Sumaiya Akter knows the benefits of connection in a new place.
Being on her own in a new country without family or friends during her first year, the second-year master of economics student is now a mentor with the MUN Mentors program through the Internationalization Office (IO).
“When I came to Newfoundland and Labrador, it was the first time I had been away from my family for such a long period of time,” said Ms. Akter. “I struggled with being in a new place without familiar connections.”
Determined to feel more settled in her new home, she started volunteering with the Connector Program in the IO in fall 2019. It was there that she learned about the MUN Mentors Program.
“Knowing how powerful connecting with others and community has been for me, I decided I wanted to give back and become a mentor to help new students so they don’t suffer from the loneliness and frustration I felt in my first year.”
The MUN Mentors program is a peer mentorship program that connects new international students with current Memorial international students throughout their first semester at the university.
The role of the mentor is to introduce the new students to Memorial and help them get involved in the campus community, learn about the supports and services available to them on campus and develop effective study habits.
Most of all though, the program provides them with an instant, friendly connection around campus and in St. John’s. This term, it provides them with that connection virtually.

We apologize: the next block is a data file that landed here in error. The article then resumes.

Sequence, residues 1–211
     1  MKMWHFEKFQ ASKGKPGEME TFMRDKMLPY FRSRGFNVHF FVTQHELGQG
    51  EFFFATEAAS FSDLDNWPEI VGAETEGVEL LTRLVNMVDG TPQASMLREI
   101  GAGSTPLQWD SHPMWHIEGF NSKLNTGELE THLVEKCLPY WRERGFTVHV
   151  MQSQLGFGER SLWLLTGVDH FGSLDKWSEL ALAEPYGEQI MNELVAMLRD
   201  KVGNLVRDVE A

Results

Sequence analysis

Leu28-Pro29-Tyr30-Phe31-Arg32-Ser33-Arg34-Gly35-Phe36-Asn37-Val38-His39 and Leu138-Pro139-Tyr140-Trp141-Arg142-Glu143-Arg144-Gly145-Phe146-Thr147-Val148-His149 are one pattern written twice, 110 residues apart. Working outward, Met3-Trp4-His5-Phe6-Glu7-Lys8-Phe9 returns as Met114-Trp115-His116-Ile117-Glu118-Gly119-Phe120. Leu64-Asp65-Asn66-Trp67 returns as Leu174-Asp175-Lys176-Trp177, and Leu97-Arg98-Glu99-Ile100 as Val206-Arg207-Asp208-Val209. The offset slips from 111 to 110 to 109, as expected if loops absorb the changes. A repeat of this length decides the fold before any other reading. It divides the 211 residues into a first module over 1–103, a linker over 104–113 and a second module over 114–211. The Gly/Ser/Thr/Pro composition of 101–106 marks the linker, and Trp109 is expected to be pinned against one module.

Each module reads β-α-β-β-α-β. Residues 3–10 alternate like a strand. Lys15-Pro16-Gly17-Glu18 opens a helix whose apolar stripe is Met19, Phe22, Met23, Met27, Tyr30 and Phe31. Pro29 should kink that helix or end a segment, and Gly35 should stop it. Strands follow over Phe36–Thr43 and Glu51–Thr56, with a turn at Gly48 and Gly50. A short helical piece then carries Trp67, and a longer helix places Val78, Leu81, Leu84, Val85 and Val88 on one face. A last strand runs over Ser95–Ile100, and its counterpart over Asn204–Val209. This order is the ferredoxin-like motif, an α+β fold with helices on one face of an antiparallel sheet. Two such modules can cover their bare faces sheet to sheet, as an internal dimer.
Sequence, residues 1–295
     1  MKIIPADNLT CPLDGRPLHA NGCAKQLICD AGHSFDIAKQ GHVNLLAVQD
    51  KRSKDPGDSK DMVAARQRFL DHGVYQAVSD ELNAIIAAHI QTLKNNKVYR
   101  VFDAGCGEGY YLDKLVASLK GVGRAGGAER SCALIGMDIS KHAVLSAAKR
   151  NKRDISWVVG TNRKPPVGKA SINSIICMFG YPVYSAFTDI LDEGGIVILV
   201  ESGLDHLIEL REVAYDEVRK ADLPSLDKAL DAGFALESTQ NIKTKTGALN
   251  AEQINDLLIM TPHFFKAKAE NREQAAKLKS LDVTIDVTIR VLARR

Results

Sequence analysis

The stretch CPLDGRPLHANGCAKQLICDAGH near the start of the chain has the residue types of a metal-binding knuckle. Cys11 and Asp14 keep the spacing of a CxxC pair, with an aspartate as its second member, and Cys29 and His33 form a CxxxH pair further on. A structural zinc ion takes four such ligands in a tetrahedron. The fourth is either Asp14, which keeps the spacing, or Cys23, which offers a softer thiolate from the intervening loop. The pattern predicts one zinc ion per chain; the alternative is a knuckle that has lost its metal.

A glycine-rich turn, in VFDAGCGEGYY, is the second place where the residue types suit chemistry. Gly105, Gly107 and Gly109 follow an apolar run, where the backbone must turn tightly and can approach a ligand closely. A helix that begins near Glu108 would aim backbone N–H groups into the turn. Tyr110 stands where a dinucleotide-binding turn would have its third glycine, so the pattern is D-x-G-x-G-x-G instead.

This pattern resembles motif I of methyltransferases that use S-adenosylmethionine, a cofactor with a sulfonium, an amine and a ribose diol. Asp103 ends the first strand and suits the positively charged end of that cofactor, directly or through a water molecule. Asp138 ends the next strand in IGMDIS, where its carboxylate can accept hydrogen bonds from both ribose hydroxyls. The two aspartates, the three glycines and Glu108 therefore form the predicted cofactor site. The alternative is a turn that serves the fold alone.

“Folks are connecting with each other from different parts of the world.”
Co-ordinator Dayna Vey says even though this semester is remote and most of the mentees are not physically in Newfoundland and Labrador, or even Canada, it hasn’t stopped them from carrying out their mandate.
“We have a large number of mentors and mentees this year,” said Ms. Vey. “We recruit throughout the year for mentors and mentees and match them at the beginning of the fall and winter semesters.”
Ms. Vey says that while this particular semester is challenging, in many ways, the immersion of the program is almost greater for students being in their home country rather than in person in St. John’s.
“When mentees are here, the program is more about orienting them with the physical and social environment of Newfoundland and Labrador and getting them familiar with where things are on campus,” said Ms. Vey. “Now there is more of a balanced cultural exchange happening as folks are connecting with each other from different parts of the world.”
Available to all first-year international students
In order to become a mentor, students must be beyond their first semester of study at Memorial, be in good academic standing, be familiar with Memorial’s St. John’s campus and campus supports, and be able to meet virtually with a mentee approximately once every two weeks during their first semester.
All new, first-year international students registered at the St. John’s campus are able to apply for a mentor before they begin their first semester.
“We talk about food, life adventures and more.”
Ms. Akter has been a mentor since January of this year and currently has mentees from Cameroon, Nigeria and Bangladesh.
She says the program is an excellent opportunity for people to learn about other people’s countries, cultures, weather, food and more.
“We can learn about these other countries and cultures from Google or see videos on YouTube, but talking to actual people and having an interactive discussion, that’s different. We talk about food, life adventures and more.”
Though her mentees aren’t in Newfoundland and Labrador just yet, it hasn’t stopped them from making in-person plans already.
“We have started planning visits to places like Gros Morne National Park. The mentoring experience has been so rewarding for me. I will continue to be a mentor for as long as I can.”
If you are interested in applying to be a mentor, questions regarding the MUN Mentors program may be directed to Dayna Vey.